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Ballroom Dancing

The tradition of formal balls lives on in the 21st-century Czech Republic. And in contrast to many other EU countries, the balls held here are not restricted to the highest social levels but attract a broad spectrum of the public. Ladies in sweeping gowns and gentlemen in their best suits dancing till dawn can be your companions in the romantic ball of your dreams.

The ball season traditionally commences in February, when the church calendar indicates the end of Lent. The date is not quite as strictly adhered to, meaning that balls in the Czech Republic can start as early as mid-December.

Balls are popular both in towns and in villages, where various civic associations organise them. This makes it possible to attend balls organised by hunting associations, fire departments, amateur theatre groups, motorists, athletes, local football teams, gardeners or fencers. Each organisation may adjust the specific events to its own focus, though a requirement in all events is formal dress. 

The Tombola

The tombola is one of the climactic moments of the evening. Before the ball itself, the organisers ask sponsors for gifts, and during the evening, guests may buy tickets to be drawn from a hat just before midnight. Prizes can be quite unexpected, depending on the organisers – possibly a sack of wheat or a freshly slaughtered wild boar.

Exhibition Dances

Another highlight of the evening is when in between sets of dances, the professional or semi-professional dancers perform displays of ballroom dancing.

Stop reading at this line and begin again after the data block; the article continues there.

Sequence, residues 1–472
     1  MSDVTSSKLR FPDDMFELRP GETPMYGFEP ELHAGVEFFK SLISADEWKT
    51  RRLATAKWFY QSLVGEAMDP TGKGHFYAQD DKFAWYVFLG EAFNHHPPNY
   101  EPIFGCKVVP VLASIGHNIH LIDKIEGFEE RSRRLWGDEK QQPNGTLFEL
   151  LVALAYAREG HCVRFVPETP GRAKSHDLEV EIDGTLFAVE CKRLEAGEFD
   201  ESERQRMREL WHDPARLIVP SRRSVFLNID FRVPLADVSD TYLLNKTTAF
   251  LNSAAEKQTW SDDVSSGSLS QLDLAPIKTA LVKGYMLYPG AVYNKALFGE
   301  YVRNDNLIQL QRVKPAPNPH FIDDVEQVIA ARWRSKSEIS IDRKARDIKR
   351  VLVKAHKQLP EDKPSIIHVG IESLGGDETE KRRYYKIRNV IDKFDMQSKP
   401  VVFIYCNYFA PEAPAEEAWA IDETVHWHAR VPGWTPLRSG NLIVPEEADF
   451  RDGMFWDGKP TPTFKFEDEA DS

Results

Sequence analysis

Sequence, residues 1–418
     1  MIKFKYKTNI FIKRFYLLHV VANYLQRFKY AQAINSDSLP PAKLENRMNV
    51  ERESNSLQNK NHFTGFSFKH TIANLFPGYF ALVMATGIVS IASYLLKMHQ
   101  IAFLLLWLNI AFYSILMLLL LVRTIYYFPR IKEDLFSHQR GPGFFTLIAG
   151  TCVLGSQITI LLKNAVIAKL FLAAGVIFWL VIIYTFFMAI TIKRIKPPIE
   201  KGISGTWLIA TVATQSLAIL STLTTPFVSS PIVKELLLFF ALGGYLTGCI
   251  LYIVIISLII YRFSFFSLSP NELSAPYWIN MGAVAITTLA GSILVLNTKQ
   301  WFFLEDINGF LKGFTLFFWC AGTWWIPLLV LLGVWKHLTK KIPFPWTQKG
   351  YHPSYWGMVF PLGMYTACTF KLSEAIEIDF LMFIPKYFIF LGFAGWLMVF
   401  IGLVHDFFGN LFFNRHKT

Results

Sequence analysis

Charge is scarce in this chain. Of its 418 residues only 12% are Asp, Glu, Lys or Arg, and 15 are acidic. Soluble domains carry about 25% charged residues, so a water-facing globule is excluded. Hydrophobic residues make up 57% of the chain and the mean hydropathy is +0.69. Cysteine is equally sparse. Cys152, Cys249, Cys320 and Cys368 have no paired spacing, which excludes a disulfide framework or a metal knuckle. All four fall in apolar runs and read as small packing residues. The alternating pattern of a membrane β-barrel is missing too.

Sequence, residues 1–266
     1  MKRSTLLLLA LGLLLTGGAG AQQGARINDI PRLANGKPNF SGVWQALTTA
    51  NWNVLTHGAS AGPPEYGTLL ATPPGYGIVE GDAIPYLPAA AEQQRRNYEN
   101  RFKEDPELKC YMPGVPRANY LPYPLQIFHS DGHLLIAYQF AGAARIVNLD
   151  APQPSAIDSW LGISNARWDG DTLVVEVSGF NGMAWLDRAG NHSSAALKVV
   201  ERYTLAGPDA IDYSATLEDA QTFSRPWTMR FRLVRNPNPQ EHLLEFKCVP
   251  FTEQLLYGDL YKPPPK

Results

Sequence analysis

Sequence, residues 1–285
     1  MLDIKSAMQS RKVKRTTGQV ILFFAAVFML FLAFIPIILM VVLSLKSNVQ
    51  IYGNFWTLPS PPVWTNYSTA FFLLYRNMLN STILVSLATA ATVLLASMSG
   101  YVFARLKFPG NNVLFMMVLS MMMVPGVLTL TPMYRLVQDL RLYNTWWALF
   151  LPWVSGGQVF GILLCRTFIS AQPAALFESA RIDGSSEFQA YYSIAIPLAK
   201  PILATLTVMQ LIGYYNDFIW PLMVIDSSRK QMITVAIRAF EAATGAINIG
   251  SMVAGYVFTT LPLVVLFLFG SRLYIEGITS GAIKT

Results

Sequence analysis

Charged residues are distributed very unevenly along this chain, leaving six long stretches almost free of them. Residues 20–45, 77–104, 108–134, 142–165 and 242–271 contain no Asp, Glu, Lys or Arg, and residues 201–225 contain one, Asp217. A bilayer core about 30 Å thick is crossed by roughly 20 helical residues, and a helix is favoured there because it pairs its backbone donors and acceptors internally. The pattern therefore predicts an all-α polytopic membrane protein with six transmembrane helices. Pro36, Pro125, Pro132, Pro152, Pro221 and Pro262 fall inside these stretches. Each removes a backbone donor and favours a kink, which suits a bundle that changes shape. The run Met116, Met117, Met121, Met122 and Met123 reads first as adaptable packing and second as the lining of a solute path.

Ballroom Dancing Prague

Ballroom Dancing Courses

Every autumn, ballroom dancing courses are held for secondary-school pupils, where young people can learn the basics of European and Latin American dancing as well as the essentials of proper behaviour. These courses are a major event of school life and the basis of the Czech ballroom-dancing culture. The courses are always conducted informal dress, and the final evenings, when the pupils’ parents are invited, are milestones of the path to maturity.

  • Žofín Palace in Prague (www.zofin.cz). The wonderful setting of this elegant palace on an island in the Vltava River is primarily used for the balls given by large corporations. The only event usually open to the public is the Floral Ball (Květinový ples), held in January.
  • The ball at the Ohrada Hunting Lodge in Hluboká nad Vltavou (www.nzm.cz).
  • The National Costume Ball or the Moravian Ball (www.fos.cz) are folkloric events conducted in traditional costume.



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